Caregiver respite programs provide trained caregivers that attend to an individual in need of care in order to give their primary caregiver time to relax and attend to their own needs. Care is provided by third party agencies. These agencies are funded by grants from two national organizations: the Alzheimer’s Foundation of America and the Alzheimer’s Association.
The Alzheimer’s Foundation of America (AFA) provides “Family Respite Care Grants” by funding local, non-profit, member organizations. These organizations work directly with the families to administer the grants. These local organizations sometimes combine funds with other sources. So each chapter may not always use the name “Family Respite Care Grants.”
The Alzheimer’s Association (AA) has a Respite Grant Program, which is also administered by the local chapters, not the national organization.
Alone, respite care is not a solution to paying for senior care. But when combined with other care options and tax credits, respite care might make the difference that enables an Alzheimer’s patient to continue receiving care in the home instead of moving to a residential community.
Respite care grants from both the AFA and AA are administered locally. Each member organization or chapter has its own processes and eligibility requirements.
One must check with their local member organization or chapter to determine availability and final eligibility. The criteria which follows should be used as a general guideline to help families determine if they might be eligible. Note that some eligibility criteria apply to the individual requiring care and other criteria to their primary caregiver.
Some chapters require that the care recipient (the person with an Alzheimer’s or dementia diagnosis) be at least 60 years of age. However, rarely are individuals requiring help denied assistance based solely on their age.
Care recipients must have a diagnosis of Alzheimer’s disease or related memory loss disorder, such as Vascular Dementia, FTD, Lewy Body, Pick’s, Multi-Infarct, Parkinson’s, Huntington’s, Normal Pressure Hydrocephalus, or Creutzfeldt-Jakob disease. Some organizations may require verification of diagnosis by a doctor.
Most Alzheimer’s Association chapters that offer respite care require that the caregiver not be receiving respite funds from other agencies. They also require that there be a “financial need”. However, what this means can vary broadly. One program that does discuss their financial requirements published that the care recipient’s annual income must be less than $40,000 a year and their assets less than $100,000. Another program that discussed their financial requirements has no income requirements for eligibility.
The Alzheimer Foundation of America does not publish requirements other than to say acceptance is based on need.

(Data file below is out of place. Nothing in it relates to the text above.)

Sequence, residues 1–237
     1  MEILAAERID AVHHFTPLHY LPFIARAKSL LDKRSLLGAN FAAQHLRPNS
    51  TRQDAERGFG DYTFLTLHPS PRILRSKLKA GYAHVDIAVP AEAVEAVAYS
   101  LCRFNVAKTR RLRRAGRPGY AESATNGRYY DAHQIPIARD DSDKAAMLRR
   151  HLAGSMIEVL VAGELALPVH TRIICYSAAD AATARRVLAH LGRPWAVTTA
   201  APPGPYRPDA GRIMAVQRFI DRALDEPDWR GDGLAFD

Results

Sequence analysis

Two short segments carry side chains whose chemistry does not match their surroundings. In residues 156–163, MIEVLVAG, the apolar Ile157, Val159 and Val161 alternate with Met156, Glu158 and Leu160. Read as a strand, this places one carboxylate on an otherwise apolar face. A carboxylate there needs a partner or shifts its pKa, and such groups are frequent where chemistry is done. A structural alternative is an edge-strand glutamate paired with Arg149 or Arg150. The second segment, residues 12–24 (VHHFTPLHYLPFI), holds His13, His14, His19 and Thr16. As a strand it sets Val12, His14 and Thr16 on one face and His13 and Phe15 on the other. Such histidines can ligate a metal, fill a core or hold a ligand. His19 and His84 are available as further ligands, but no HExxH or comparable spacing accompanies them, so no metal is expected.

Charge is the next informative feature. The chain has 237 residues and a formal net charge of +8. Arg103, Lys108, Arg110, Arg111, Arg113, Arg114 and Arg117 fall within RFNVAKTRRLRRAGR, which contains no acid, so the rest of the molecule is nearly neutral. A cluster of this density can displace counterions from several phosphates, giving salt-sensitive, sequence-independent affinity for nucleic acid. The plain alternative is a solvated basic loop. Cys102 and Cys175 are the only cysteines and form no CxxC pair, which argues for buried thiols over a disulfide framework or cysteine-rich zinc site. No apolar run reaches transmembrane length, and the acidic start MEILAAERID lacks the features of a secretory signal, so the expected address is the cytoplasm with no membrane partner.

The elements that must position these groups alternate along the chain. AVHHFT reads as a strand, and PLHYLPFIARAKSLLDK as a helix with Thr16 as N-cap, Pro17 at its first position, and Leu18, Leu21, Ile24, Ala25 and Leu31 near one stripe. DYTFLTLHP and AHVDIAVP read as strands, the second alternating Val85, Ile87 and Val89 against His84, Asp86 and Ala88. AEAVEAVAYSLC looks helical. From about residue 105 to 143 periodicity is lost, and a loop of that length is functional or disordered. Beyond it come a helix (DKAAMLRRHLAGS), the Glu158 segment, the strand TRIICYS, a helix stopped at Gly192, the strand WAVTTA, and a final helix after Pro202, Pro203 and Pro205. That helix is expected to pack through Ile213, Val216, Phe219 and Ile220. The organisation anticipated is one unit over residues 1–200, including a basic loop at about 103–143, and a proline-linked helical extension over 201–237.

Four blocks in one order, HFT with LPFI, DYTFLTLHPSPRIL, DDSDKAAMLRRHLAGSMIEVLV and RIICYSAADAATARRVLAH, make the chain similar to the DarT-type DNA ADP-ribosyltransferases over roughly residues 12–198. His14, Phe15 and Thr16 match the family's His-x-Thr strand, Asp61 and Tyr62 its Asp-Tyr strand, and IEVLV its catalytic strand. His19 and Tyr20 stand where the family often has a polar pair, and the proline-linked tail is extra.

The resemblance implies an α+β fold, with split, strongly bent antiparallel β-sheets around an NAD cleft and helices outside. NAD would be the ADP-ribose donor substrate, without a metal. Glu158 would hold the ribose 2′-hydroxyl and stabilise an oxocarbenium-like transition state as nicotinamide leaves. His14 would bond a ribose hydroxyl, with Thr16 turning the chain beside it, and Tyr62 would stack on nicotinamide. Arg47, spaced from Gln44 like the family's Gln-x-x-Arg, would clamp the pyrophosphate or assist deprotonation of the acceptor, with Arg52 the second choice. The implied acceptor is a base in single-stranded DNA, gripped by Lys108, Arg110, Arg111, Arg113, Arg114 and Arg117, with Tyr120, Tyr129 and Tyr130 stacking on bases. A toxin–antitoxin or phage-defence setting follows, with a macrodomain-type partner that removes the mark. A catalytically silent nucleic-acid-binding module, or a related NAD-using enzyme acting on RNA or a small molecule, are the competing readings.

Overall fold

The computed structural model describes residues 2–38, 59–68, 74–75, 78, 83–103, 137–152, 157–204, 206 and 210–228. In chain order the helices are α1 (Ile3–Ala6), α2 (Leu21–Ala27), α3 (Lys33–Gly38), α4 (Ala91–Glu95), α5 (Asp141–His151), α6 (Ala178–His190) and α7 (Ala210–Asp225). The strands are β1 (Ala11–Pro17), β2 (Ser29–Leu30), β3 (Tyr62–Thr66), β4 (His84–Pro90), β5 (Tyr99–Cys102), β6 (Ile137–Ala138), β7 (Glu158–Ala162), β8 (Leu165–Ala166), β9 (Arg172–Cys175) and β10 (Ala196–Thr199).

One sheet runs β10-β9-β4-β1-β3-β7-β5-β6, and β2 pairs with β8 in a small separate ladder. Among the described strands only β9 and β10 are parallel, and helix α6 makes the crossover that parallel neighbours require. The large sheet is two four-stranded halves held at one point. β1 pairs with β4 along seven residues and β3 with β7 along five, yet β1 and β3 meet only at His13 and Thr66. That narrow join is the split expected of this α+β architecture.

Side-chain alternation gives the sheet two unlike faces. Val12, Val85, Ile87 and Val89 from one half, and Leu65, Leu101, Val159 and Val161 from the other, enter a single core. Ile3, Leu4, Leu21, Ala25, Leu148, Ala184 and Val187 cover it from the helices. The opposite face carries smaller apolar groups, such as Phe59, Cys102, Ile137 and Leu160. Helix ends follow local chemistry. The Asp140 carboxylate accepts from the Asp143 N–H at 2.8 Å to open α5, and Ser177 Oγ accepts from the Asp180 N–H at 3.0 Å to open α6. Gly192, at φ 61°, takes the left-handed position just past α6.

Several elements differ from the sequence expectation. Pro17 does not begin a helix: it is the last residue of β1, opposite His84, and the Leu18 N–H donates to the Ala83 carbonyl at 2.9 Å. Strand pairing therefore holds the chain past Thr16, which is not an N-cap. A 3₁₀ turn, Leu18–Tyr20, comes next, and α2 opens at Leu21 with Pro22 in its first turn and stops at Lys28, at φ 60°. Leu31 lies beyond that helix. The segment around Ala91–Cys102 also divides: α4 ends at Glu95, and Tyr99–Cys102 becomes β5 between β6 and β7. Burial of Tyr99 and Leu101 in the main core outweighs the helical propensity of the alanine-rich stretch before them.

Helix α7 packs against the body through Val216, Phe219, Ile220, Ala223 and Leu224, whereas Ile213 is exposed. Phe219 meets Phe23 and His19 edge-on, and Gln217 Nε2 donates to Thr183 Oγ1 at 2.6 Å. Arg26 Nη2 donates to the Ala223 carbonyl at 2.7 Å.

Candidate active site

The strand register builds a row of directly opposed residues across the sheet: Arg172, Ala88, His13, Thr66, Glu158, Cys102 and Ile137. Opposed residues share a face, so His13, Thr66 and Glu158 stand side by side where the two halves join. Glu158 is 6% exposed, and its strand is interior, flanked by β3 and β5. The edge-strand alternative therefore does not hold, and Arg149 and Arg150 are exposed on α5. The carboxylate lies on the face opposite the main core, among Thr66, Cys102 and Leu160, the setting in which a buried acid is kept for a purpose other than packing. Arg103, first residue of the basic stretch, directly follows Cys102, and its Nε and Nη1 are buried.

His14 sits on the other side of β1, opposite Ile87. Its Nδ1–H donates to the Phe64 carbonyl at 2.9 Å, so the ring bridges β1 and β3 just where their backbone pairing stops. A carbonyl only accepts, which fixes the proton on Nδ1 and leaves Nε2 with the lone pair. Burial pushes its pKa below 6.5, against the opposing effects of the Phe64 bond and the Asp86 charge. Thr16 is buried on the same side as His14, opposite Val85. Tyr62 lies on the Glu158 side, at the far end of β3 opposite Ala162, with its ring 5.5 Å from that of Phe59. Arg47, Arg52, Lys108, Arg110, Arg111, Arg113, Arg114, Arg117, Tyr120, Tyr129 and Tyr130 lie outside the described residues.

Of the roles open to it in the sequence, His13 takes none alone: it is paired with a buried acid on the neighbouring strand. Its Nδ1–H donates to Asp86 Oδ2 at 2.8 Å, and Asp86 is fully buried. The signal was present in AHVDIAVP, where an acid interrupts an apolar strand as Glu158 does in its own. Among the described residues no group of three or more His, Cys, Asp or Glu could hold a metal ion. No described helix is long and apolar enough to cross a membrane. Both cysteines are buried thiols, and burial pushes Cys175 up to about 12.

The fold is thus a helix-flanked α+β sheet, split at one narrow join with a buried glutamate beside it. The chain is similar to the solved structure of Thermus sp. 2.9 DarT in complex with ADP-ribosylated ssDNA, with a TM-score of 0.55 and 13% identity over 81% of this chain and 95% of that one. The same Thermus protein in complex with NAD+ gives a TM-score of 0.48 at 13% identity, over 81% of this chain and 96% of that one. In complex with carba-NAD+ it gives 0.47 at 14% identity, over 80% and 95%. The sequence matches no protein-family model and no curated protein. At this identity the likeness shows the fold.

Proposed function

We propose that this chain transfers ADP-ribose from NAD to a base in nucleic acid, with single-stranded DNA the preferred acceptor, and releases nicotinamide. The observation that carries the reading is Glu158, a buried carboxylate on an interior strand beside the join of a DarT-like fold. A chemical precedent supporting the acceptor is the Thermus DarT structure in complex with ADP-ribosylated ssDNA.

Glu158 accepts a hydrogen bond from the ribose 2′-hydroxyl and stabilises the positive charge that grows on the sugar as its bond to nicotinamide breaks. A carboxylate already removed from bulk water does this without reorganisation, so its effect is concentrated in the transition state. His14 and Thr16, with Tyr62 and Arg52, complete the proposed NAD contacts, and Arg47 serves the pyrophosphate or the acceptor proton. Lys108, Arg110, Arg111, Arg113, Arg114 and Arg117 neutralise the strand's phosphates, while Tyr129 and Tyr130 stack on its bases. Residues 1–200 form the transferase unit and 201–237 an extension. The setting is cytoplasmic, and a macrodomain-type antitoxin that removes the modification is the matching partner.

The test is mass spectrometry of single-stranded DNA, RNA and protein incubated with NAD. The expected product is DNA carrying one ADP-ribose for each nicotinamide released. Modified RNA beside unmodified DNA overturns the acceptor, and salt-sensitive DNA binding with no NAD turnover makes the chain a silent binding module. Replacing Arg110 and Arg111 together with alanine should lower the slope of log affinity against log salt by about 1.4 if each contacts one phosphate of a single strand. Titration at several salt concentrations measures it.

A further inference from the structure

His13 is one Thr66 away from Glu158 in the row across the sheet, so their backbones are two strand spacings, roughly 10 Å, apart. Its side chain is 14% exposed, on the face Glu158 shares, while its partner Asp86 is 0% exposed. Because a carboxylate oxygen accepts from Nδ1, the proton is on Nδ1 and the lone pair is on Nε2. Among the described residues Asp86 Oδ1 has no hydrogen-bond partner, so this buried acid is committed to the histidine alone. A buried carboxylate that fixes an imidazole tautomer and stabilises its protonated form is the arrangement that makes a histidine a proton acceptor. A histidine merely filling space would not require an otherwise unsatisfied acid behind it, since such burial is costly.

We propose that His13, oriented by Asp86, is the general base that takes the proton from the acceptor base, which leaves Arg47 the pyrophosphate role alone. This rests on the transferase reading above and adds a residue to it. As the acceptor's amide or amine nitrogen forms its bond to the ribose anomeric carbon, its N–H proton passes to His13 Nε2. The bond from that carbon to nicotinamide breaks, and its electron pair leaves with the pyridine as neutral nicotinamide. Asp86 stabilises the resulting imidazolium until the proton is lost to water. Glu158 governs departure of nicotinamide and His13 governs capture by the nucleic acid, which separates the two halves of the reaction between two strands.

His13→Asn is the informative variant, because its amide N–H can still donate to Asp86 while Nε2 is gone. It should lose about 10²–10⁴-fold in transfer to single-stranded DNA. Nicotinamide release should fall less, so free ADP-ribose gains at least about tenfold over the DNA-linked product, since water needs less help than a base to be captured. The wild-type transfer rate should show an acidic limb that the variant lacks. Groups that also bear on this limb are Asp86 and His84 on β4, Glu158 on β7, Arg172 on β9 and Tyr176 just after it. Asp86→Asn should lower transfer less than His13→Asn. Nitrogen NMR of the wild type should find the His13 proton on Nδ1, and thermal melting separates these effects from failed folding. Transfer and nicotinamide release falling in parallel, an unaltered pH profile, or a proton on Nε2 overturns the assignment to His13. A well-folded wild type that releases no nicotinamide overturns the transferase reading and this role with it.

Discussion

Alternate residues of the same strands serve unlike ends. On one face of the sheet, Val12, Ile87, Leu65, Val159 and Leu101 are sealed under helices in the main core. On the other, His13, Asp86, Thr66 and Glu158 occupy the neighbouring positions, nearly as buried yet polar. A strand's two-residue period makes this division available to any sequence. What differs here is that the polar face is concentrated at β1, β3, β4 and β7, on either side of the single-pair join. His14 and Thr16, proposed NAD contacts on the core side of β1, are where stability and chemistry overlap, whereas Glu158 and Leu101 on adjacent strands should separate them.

Typically, the local chapters or member organizations require one to live in the geographic area served by their organization. To be clear, one cannot simply request assistance from multiple chapters or member organization in order to receive more assistance.
Some possible additional eligibility requirements are:
Respite care assistance, which can be in the form of adult day care, in-home aides, overnight care, companion care, or short-term nursing home care, is provided in grants. This is usually as a dollar value, but sometimes as a number of respite care hours. Grants are typically in the form of voucher, which can then be redeemed for respite care services from pre-approved providers. Very rarely are grants provided as cash.
Grant amounts vary by chapter, by year and with the availability of funding. They can be monthly, annual or one-time. It is not unusual for grants to be valued at between $400 – $1,200.
Usually there is no cost associated with respite care grants. However some programs require a co-pay for the grant amount. For example, they may grant $1,000 of respite care for a 20% co-pay. Said another way, a family pays $200 and in return receives $1,000 worth of care.
Typically the application process is as follows: A caregiver completes an application, which is reviewed, and either accepted or denied. If accepted, the caregiver receives a letter or voucher that tells them the amount of respite time or dollars they have been granted. The caregiver then chooses from a pre-approved list of respite caregivers and arranges the logistical details with them directly. After completing their work, the respite care providers bill the grant provider directly. In some instances, the primary caregiver pays the respite care provider and then is reimbursed.
The Alzheimer’s Association chapters take approximately 4 weeks to determine if an application is approved for funding. The AFA members estimate 6-8 weeks to reach a decision.
Families can obtain a grant application for respite care from the Alzheimer’s Foundation of American by contacting a participating AFA nonprofit member organization. Find a local Alzheimer’s Foundation of American member organization here. There are two grants cycles annually. Applications must be received each year by June 1st or December 1st.
Respite care from the Alzheimer’s Association is administered at the local Chapter level with each Chapter having different application processes. Find your Alzheimer’s Association local Chapter.